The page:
By Monica Miller
As we wrap up our time here in Tokyo, our group of journalists from the Caribbean and the Pacific are the honored guests at a tea ceremony in the city’s historic Nihonbashi district.
We also get to wear the national dress of Japan, the kimono.
Ms. Fukaumi, the owner The Koomon, a Japanese culture salon, gives us a warm welcome and asks us to name our countries.
In fluent English, she explains that the tea ceremony brings inner peace and cleansing to one’s self.
It is a tradition that is more than 400 years old and is reserved for very special guests and occasions.
Our host urges us to focus on the rituals of the tea ceremony, saying that it will bring us peace and harmony.
My colleague from the Caribbean, Kim Boodram, and I are invited into the chashitsu, a special room for the tea ceremony. We will be the first guests in our group to be served tea.
A tea master, Mr. Soko Kojima, quietly prepares the tea in one corner of the room. It’s not at all like putting a bag of Lipton tea in a cup and pouring in hot water.
It’s an elaborate process. From where I’m sitting, I see a green powder, which looks like wasabi placed in a small bowl for drinking tea that’s specially chosen for the occasion. A cloth that is intricately folded is used to wipe the cup.
There’s also a special wooden ladle used to pour hot water into the bowl.
I will get the first bowl of tea, but before drinking, I’m told to turn slightly to my media colleague Kim and bow my head…The gesture is one of appreciation and respect. Kim returns the bow .. agreeing that I be served first.
I also bow to the tea master in appreciation for his service.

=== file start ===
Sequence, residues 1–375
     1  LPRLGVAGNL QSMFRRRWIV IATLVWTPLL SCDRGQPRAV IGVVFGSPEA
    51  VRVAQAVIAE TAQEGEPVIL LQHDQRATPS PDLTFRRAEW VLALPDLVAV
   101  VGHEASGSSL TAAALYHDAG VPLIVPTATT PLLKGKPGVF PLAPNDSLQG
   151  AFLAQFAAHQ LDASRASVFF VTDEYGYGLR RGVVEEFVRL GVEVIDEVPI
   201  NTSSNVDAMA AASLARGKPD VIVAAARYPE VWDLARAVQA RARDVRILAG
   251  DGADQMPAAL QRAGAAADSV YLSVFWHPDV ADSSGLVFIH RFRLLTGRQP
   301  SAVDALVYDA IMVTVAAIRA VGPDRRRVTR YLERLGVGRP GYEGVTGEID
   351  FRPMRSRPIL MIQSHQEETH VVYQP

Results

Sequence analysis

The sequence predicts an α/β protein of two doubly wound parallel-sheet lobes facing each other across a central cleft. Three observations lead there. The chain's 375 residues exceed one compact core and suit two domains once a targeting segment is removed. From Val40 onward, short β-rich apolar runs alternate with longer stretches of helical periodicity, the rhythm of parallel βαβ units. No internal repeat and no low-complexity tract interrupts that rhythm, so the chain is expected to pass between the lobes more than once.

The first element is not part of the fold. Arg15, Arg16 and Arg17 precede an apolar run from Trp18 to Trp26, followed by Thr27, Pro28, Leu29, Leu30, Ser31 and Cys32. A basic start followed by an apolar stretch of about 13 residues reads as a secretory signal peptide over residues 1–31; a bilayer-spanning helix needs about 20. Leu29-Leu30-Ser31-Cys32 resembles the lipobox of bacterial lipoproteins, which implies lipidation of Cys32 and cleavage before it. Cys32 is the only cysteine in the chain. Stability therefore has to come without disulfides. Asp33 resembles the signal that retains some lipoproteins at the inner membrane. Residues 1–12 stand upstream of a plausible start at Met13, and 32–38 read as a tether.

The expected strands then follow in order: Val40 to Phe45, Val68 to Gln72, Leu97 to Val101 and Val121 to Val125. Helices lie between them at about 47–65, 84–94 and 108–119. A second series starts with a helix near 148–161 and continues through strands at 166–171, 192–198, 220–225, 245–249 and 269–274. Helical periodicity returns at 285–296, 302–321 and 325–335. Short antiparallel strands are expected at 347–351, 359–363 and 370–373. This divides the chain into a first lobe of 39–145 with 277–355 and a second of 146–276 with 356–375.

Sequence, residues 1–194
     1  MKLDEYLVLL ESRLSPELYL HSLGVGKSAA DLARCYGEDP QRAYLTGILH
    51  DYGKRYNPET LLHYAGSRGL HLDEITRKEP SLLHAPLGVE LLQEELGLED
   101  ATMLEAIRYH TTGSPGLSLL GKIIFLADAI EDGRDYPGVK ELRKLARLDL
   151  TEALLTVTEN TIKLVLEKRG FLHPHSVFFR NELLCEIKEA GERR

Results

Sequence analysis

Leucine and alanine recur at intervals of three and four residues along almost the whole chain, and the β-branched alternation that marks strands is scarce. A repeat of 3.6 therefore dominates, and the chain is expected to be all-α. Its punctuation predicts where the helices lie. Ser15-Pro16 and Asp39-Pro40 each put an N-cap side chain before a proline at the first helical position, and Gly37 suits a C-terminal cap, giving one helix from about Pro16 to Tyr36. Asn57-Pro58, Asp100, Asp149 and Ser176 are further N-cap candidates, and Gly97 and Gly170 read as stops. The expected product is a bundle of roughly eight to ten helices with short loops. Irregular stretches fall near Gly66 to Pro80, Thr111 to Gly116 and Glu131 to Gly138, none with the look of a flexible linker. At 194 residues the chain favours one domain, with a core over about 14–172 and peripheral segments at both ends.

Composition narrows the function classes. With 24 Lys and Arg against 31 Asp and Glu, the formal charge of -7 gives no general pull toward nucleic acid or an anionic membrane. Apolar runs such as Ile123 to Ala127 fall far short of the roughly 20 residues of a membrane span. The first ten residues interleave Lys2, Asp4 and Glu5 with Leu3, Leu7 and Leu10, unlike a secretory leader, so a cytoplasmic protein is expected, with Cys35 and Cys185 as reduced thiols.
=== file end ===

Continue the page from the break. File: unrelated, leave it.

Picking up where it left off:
Our host explains that the part of the tea bowl that has the most beautiful designs is turned toward the guest when the tea is served. As a sign of modesty, the recipient should turn that part of the cup away and drink from a less attractive side.
We’re to take several sips until the tea is finished. With the last sip, we’re supposed to make a slurpy sound, a sign that we like the tea.
The tea is refreshing…and I let the teamaster know my appreciation by bowing several times.
The rest of our group is served prepared tea, in turn.
After the tea ceremony it’s time to get into our kimonos.
The women are shown to a room in the back while the men use the chashitsu to change.
The preparation is quite elaborate for women, as there are several pieces of clothing that make up the kimono. I count at least four undergarments with many strings tying bits and pieces together.
The strings holding the various pieces of clothing together have to be tied tightly. You wouldn’t want your kimono to come apart during ceremonies.
We get to pick from about a dozen kimonos, all with beautiful and intricate embroidery, which ones to wear. I pick a light shade of orange and a gold obi or sash to go with it.
Ms. Fukaumi selects a light green sash to go on the back of my kimono, completing my traditional Japanese attire.
The men also loo smart in their kimonos. I especially like the hakama, or traditional pants, which look like a pleated skirt. All they’re missing are their samurai swords.
We pose for a few photos outside and stroll for a few blocks proudly showing off our kimono, passing by a ritzy department store that is one of Tokyo’s oldest.
The people we pass on the streets seem to appreciate seeing our group of non-Japanese women and men attired in their national dress.
News Director Monica Miller is in Japan with a group of journalists from the Caribbean and Pacific as guests of the Association for Promotion of International Cooperation and the Foreign Press Center Japan.